Al Aqsa Mosque

Al Aqsa Mosque is located in the Old City of Jerusalem within the walls of what is believed to be the Temple of Solomon (where the Ark of the Covenant and the Ten Commandment tablets were kept) and the Second Temple of Herod, and is in the corner of the enclosure next to the Western or Wailing Wall. This area is the Temple Mount and is of deep religious significance for both Muslims and Jews. In this area is the Dome of the Rock that shelters the spot where Muslims believe the Prophet Mohammed, accompanied by the angel Gabriel, ascended to heaven on his winged horse. That same spot is believed by Jews to be the place where Abraham was prepared to do God's bidding and sacrifice his son Isaac.

The literal translation of the name of this mosque in Jerusalem is "the Farthest Mosque," meaning that in the Prophet Mohammed's time it was farthest from the holy city of Mecca in the country of Saudi Arabia. The Al Masjid el-Haram Mosque surrounding the Kaaba in Mecca is the holiest site in Islam, followed by the Mosque of the Prophet in Medina. Al Aqsa Mosque is also known as "the Noble Sanctuary," and is the third holiest site in Islam. The Islamic faithful believe that the Prophet began his "Night Journey" to heaven in the Al Masjid el-Haram in Mecca, was transported to the Al Aqsa Mosque or Temple Mount and then to heaven from the holy rock. Mohammed led Muslims prayers while facing this spot until about seventeen months after his hijra (emigration) to Medina.

Originally a small prayer house built by the same Caliph who built the Dome of the Rock, it was completed sometime around 705 AD. Crusaders occupied the mosque in Jerusalem when they captured the city in 1099. It was used both as their palace headquarters and a Christian church. They even called the Islamic structure the Temple of Solomon. It was used as a mosque again after Saladin recaptured Jerusalem in 1187. A Christian Church dedicated to the Virgin Mary was built on the site about 100 years before the mosque, and some Christians claimed stones from the church were used in the construction of the mosque. Its construction was financed by minting coins from the gold on the Dome of the Rock.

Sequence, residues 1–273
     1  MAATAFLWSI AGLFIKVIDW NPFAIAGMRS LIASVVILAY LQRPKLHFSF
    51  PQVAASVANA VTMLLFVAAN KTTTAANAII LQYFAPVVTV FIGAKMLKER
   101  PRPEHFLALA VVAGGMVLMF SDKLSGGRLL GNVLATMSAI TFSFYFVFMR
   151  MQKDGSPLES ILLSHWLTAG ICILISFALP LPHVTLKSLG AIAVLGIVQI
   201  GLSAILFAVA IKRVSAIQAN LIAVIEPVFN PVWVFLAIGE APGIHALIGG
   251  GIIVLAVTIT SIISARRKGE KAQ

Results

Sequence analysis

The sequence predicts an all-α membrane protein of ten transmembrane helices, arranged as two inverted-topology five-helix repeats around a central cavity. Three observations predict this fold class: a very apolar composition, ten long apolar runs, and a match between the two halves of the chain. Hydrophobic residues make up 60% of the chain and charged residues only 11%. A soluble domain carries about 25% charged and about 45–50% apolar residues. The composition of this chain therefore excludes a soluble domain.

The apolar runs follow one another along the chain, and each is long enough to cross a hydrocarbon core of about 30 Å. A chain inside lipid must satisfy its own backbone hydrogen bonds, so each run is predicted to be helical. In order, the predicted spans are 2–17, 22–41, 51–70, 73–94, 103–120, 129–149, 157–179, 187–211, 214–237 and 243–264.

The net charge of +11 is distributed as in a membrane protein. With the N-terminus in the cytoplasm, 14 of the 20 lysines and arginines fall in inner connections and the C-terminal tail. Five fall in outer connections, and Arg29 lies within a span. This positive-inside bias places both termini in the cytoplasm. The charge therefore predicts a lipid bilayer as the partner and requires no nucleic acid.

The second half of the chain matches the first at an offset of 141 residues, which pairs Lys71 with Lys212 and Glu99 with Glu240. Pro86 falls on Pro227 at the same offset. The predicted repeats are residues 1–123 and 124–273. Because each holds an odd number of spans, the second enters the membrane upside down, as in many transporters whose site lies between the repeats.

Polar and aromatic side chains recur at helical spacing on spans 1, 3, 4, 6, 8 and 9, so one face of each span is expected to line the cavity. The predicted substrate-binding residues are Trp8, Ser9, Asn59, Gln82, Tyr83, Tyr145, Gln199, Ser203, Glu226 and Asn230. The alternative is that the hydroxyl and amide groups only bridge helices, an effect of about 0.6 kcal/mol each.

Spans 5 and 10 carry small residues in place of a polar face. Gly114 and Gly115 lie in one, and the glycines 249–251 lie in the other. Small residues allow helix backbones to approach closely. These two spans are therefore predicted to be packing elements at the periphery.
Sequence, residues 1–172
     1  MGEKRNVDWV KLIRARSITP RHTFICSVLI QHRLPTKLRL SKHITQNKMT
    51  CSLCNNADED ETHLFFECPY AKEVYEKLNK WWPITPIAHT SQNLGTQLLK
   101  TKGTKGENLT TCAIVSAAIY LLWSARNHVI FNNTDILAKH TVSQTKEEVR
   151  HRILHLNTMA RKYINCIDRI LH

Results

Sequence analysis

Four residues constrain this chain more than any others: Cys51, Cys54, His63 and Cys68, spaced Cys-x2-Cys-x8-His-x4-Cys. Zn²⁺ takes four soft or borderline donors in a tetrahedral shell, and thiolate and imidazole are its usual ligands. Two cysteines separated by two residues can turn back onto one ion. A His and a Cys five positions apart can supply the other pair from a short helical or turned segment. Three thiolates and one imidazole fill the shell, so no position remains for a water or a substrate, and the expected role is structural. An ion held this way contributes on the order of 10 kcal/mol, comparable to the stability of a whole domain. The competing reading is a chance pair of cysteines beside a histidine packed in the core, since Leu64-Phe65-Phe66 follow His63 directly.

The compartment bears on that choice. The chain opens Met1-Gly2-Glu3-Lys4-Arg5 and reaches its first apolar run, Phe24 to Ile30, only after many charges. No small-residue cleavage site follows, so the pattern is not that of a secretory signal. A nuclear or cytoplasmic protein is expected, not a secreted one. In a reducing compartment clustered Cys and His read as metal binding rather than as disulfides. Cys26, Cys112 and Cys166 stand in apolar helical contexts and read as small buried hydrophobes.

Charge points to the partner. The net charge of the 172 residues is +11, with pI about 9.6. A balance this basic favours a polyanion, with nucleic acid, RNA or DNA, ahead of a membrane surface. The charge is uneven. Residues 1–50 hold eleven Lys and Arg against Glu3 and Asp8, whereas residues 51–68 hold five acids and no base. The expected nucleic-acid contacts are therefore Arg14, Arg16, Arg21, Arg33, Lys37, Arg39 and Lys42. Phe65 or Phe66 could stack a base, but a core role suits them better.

The Al Aqsa Mosque was damaged and repaired many times after earthquakes over the centuries. In the sixteenth century, ruling Ottomans undertook extensive renovations of the Temple Mount as a whole, including the Fountain of Qasim Pasha, the Dome of the Prophet, and the Pool of Raranj. Unlike the Dome of the Rock, which is Byzantine in origin, the dome on the mosque is purely Islamic in design. There are four minarets. King Abdullah of Jordan has been granted permission to erect a fifth minaret in honor of his father, King Hussein, who donated the funds for the gold Dome of the Rock. It is planned to be the highest structure in the Old City. As many as 400,000 worshippers can be accommodated in the mosque property—another 5,000 in the interior of the structure. The interior of the Al Aqsa Mosque in Jerusalem is supported by 45 columns, most of which are white marble, and boasts 121 stained glass windows. King Farouk of Egypt funded the painting of the ceiling.

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